What kind of cord are you using? Are you using a continuous ridge line (CRL, single cord going from tree to tree) or a split ridge line (with separate cords attached to ends of tarp)?

    Some cords hold knots well and some don't. Slippery stuff like Zing-it (HMWPE, high molecular weight polyethylene) and cousins are great for splicing but don't hold knots well. Braided polyester cords with jacket and a core hold knots really well. Parachute cord (550) and other nylon stuff are stretchy, which is not a good attribute for our purposes... it'll work in a pinch but it's super annoying when you come back a little later and your carefully rigged tarp is now sagging!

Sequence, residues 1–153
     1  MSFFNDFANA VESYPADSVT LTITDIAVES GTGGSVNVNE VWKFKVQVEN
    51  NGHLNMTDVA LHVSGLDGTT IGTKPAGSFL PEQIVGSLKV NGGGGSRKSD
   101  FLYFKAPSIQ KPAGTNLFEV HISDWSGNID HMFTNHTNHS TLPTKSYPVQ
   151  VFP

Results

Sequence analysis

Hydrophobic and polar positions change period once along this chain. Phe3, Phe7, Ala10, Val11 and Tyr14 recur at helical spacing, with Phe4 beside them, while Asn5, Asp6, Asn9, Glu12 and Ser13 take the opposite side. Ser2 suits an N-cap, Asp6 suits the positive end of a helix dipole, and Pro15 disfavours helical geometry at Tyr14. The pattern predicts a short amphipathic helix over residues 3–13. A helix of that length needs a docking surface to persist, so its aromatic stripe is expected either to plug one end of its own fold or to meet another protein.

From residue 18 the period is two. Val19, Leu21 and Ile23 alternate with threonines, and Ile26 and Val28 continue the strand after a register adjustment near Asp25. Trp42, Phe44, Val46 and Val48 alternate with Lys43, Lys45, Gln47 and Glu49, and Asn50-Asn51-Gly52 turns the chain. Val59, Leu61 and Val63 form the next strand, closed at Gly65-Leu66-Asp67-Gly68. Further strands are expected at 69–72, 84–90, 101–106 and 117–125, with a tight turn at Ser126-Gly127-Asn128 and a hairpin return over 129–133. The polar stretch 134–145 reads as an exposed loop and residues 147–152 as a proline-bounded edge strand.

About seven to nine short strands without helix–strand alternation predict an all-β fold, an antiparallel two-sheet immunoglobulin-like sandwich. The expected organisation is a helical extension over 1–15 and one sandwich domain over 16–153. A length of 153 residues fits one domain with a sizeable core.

Like most here, I've been 'around the block' several times when it comes to cordage, finally settling upon 2mm Lawson Glowire and Guywire (jacketed polyester!) for everything. But the important thing is that I'm a knot-only person... I played around a bit with various metal doodads and came to the conclusion that knots are sufficient for my needs, and also my desire for simplicity and minimalism. Nothing wrong with bling, just a quirk of mine.

    With that said, my preference here is a CRL using Prusiks to attach the tarp to the CRL, which makes it easy to center and to tweak the tension on the tarp itself.

    Now my friend MikekiM hates prusiks, and I love 'em, so it goes to show that we can peacefully coexist!

    Pics below show how this is tied and attached to CRL, and how it looks on a tarp that is pitched.



    Last edited by cmoulder; 01-25-2020 at 15:54.
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  9. #9
    Member ravenblack's Avatar